Review: The Arab Spring: The Hope and Reality of the Uprisings
Review: The A rab Spring : The H ope and Reality of the Uprisings
Ahmed E. SOUAIAIA University of Iowa 0 1
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Review: The A rab Spring: The H ope and Reality of the Uprisings
Reviewed by Ahmed E. Souaiaia, joint appointment in Religious Studies, History, International Studies, and
College of Law, The U niversity of Iowa, Iowa City, IA; https://ahmed.souaiaia.com.
Creative Commons License
Thi s review is available in Mathal: https://ir.uiowa.edu/mathal/vol5/iss1/5
Since the events widely known as the Arab Spring started in 2011,
scholars and researchers have produced more than 200 books and ten
times as many journal articles. For an event that is, by some measures, still
ongoing, this body of knowledge is astounding. This broad interest speaks
to several key facts. First, the region impacted by the Arab Spring is
important geopolitically to the rest of the world. Second, advances in
publishing technology and changes in publishing industry practices have
made it possible for academic works to be put in the public domain in a
fraction of the time it used to take a work of scholarship to reach its
audience. Third, the revolution in communication technology has enabled
researchers to access primary sources, collect evidence, and interpret data
more efficiently. These changes come with opportunities and challenges.
One challenge is the researcher?s ability to gather all the facts necessary to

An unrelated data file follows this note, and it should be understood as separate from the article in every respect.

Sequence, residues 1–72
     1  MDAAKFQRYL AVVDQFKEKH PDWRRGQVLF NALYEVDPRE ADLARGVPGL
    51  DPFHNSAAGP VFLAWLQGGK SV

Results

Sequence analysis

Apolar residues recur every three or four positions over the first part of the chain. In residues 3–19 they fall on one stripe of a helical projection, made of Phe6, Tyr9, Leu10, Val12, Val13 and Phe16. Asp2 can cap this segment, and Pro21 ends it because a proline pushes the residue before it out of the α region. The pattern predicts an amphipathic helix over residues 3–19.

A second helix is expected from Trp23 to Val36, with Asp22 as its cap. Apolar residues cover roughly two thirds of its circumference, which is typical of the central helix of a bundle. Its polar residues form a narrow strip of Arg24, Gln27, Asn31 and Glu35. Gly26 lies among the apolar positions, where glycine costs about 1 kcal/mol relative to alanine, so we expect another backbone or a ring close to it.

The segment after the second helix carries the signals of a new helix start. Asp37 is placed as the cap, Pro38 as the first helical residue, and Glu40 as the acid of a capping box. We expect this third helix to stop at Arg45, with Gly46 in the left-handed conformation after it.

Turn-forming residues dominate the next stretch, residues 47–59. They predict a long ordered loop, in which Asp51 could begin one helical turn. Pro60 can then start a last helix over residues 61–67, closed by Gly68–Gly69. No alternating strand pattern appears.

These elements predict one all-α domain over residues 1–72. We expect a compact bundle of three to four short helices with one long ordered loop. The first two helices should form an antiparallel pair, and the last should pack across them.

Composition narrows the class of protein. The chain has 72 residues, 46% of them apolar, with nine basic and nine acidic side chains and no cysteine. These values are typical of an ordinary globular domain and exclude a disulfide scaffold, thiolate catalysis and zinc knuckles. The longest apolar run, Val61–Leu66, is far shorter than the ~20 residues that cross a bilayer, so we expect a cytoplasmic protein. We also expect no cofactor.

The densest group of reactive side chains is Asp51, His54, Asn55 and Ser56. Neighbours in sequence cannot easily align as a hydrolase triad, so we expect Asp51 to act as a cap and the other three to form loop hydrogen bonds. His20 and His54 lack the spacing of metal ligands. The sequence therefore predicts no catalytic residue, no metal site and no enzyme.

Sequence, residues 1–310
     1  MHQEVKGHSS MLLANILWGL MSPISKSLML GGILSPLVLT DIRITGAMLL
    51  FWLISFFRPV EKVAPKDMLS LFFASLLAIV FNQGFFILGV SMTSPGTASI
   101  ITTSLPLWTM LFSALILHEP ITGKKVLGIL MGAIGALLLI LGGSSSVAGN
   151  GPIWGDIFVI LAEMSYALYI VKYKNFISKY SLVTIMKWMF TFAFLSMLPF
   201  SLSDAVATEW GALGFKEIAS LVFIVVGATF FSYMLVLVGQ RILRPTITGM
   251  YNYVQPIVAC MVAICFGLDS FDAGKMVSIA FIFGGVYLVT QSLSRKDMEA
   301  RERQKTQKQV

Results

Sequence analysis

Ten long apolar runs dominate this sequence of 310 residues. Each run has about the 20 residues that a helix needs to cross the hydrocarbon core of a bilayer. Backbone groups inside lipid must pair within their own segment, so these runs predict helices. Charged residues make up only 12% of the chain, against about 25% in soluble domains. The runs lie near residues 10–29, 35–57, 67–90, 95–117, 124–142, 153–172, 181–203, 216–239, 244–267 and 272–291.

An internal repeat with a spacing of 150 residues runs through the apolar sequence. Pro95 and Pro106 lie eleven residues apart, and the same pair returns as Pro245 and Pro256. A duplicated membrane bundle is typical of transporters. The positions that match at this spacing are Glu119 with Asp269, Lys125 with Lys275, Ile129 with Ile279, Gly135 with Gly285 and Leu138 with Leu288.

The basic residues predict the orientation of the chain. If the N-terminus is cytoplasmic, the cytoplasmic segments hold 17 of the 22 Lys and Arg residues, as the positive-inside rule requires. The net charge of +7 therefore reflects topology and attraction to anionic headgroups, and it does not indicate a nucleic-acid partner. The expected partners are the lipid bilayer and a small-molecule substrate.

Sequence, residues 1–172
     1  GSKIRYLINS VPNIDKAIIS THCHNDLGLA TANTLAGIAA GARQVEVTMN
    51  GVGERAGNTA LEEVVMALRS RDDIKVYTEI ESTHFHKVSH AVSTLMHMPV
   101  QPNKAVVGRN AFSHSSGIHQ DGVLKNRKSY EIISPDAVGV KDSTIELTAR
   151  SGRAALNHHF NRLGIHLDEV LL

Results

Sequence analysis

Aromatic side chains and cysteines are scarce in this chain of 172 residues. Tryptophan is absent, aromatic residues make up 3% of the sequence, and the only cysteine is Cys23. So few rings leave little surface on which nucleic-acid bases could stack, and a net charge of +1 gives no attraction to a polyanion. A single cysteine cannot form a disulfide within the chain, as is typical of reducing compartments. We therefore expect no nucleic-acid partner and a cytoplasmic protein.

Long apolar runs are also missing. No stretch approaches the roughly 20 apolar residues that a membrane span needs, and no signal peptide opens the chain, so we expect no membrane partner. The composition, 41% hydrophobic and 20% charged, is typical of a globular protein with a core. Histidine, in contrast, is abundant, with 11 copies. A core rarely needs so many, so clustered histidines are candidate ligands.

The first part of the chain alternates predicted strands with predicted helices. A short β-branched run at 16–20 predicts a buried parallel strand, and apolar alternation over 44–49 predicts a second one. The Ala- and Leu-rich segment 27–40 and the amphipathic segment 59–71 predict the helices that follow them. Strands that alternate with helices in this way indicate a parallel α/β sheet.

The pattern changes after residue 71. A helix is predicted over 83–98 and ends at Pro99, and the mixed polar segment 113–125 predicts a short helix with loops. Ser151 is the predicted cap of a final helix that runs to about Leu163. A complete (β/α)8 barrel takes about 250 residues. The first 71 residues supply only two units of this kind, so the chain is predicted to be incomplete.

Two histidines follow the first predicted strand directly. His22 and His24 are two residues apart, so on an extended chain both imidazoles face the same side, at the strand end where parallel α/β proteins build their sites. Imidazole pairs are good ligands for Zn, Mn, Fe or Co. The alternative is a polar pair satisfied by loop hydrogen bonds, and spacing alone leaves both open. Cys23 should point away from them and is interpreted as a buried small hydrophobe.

make sound conclusions. The editors of The Arab Spring: The Hope and
Reality of the Uprisings, Mark Haas and David Lesch, quickly became
keenly aware of this challenge, declaring that ?writing or commenting on
current or recent events in the Middle East is a hazardous business? (xi).
This is one reason the volume needed a second edition in less than two
The volume is well organized, and there is no question that the
expertise of the contributors makes this work an indispensable resource
for professors, students, and informed members of the public. The editors
provide information about the substance of each chapter and the reason
behind the selection of the expert and the topic. Despite the time pressure,
the contributors produced detailed accounts of what has happened and
why it happened in the country they were studying. The perspectives were
diverse as were the approaches and methods. There is no benefit in
summarizing the skills and insights of each contributor, for doing so for an
edited volume will always fall short in giving each one their due credit.
Instead, I focus on the very few shortcomings of the volume, especially the
ones that apply to all chapters.
One memorable statement was the editors? claim that the ?so-called
Arab Spring unexpectedly erupted in late 2010 and early 2011? (1). The
same impression was present explicitly or implicitly in the other chapters.
I have also heard it at professional conferences and other forums. The
Arab Spring was a surprise to everyone. I am not sure that everyone was
surprised by what happened, perhaps by when it happened and how it
happened but not by the fact it happened. The idea of an ?Arab Spring??
that it is a peaceful uprising that resulted in the overthrow of a regime,
which is the sense intended in many quarters?is not common in Islamic
societies, is Eurocentric, and is factually baseless.
First, most successful uprisings or revolutions have been more or less
unexpected. After all, since such uprisings are a threat primarily to
governing regimes, if they happen as expected, the government would not